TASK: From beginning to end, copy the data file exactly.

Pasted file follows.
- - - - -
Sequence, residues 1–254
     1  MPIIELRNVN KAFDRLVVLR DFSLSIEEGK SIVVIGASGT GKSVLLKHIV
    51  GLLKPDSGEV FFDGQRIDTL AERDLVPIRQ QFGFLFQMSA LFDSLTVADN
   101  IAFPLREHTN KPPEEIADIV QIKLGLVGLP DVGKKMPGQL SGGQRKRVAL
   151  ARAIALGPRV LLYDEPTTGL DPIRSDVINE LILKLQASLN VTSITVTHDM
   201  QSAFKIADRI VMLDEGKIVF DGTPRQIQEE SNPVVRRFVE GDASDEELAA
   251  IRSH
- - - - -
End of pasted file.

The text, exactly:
Sequence, residues 1–254
     1  MPIIELRNVN KAFDRLVVLR DFSLSIEEGK SIVVIGASGT GKSVLLKHIV
    51  GLLKPDSGEV FFDGQRIDTL AERDLVPIRQ QFGFLFQMSA LFDSLTVADN
   101  IAFPLREHTN KPPEEIADIV QIKLGLVGLP DVGKKMPGQL SGGQRKRVAL
   151  ARAIALGPRV LLYDEPTTGL DPIRSDVINE LILKLQASLN VTSITVTHDM
   201  QSAFKIADRI VMLDEGKIVF DGTPRQIQEE SNPVVRRFVE GDASDEELAA
   251  IRSH